Boyle, as a 17th-century scientist, was versed in the mechanical, or corpuscular, metaphysics of Descartes and in Aristotelian natural philosophy, which taught that an active force fills all matter (hylozoism) so that matter finds its natural place and works to thwart creation of a vacuum. Boyle also studied the animistic, natural-magic version of hylozoism espoused by Paracelsus, Jan Baptista van Helmont and contemporaries, which invoked Nature as a "World Spirit" that infused all matter and guided the universe. Most modern scientists will need a scorecard during Potter's discussion to keep track of the various metaphysical offshoots and adherents of the two natural philosophies contending to become the dominant worldview (we know which one lost). These worldviews had ideological consequences; the hylozoic variants were coupled to the reformers, sectarians and radicals in England who were agitating for policies and freedoms we now take for granted, such as suffrage without being a landed property owner.

Boyle believed, as did many of the scientists of his era, that one glorified God by understanding his creation—the physical world. For Boyle, the mechanistic philosophy was truer to God than the hylozoic one, because no interceding agent (that is, Nature) was necessary. He positioned his arguments for a corpuscular interpretation of his experiments with compressed and rarefied airs as a direct counterpoise to the hylozoic interpretation of the same data. And two of his motivations for doing so were highly contextual: the animistic force behind hylozoism, and the civil strife associated with radical adherents of that philosophy. Potter compares Boyle's writings on the data that led to his Law with those of a hylozoic scientist (Franciscus Linus) and shows that the two interpretations were nearly equal in their ability to explain the experimental results on the basis of measurements made before thermometers had been invented and when "air pumps" were leaky.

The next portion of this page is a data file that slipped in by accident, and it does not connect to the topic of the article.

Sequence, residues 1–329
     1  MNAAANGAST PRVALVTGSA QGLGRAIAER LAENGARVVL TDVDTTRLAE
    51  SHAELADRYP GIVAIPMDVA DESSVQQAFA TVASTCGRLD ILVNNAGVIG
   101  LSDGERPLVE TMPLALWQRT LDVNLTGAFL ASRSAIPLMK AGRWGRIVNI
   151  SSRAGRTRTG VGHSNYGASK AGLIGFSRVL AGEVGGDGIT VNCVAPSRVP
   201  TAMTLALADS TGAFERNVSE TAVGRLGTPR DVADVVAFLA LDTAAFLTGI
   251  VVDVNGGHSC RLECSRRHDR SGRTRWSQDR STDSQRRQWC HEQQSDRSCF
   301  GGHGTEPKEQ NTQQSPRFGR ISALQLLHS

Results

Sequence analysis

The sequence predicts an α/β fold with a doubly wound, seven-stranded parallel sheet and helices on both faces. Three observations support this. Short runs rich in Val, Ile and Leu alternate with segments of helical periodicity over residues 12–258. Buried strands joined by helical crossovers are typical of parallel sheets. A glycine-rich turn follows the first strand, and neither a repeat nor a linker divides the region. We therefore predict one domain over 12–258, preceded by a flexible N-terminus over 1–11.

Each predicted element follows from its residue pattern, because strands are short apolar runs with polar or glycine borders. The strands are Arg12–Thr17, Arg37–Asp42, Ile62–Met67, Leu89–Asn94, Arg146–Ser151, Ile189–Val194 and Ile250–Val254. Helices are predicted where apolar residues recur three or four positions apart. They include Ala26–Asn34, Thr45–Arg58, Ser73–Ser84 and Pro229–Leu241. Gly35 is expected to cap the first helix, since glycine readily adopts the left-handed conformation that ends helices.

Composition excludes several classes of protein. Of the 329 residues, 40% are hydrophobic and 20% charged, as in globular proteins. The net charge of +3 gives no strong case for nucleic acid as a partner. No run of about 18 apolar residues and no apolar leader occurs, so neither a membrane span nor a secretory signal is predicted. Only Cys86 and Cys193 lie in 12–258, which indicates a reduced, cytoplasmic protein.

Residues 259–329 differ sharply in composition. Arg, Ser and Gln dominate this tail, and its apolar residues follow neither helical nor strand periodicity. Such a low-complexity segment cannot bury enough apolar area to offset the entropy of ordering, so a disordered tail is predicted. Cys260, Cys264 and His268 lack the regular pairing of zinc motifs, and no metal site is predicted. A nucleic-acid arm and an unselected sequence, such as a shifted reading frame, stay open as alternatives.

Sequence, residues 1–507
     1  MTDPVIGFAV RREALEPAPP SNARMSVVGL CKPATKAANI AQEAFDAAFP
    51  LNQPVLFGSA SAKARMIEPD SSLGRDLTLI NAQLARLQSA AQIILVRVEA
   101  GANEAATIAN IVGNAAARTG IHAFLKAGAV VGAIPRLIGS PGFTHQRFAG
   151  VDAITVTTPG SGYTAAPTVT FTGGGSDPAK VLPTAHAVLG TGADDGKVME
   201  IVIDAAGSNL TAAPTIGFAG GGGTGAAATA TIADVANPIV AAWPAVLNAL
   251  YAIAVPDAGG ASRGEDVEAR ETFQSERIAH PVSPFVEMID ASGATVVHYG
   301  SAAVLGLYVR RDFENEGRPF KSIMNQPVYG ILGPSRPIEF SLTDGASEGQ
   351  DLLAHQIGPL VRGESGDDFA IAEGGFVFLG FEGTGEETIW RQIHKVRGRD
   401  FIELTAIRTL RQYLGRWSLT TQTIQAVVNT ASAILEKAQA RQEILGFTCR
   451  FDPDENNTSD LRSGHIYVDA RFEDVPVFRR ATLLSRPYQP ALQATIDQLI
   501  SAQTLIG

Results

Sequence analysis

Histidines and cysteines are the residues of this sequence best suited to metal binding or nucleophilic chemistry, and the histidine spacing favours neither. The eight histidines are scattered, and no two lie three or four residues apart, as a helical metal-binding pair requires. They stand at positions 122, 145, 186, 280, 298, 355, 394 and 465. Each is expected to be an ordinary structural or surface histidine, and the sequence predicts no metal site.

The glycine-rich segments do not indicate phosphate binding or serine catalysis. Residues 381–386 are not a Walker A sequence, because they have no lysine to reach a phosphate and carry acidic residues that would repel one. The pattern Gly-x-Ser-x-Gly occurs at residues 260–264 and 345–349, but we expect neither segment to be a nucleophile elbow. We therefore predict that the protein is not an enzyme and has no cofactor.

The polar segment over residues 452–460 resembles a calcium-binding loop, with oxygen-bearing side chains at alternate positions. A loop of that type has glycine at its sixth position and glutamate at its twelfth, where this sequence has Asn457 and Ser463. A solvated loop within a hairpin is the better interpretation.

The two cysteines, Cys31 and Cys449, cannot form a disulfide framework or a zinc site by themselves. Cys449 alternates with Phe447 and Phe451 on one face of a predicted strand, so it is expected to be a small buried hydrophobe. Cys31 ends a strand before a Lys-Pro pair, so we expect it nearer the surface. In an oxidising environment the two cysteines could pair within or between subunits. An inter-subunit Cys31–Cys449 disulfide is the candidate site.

Potter points out that Boyle fixed the fight in two ways: He cast his arguments against Linus (rather than Helmont, who was the stronger natural philosopher, experimentalist and hylozoist), and he asserted that hylozoism was unintelligible (because it required a World Spirit). In that Boyle, the "Apostle of the Scientific Revolution," required a good scientific hypothesis to be intelligible and simple (and to explain known observables and predict new ones), he predefined Linus's arguments as incorrect, thereby negating even internally consistent hylozoic reasoning.

The good news is that Boyle's Law of Gases held with the advent of improved instrumentation and experiments of even greater probative design—despite the evidence that his deductions and interpretations were grounded in reasoning that was contextual as well as value-neutral. The interesting news is that politics, society, philosophy, religion, science and gender all influenced Boyle in his scientific how (his choice of experiments) and why (the way he interpreted his results)—and yet, ironically, enduring science was done. Science was and remains a human endeavor with all the power, promise and influences thereunto—even gender.—Debra Rolison, Advanced Electrochemical Materials, Naval Research Laboratory, Washington, D.C.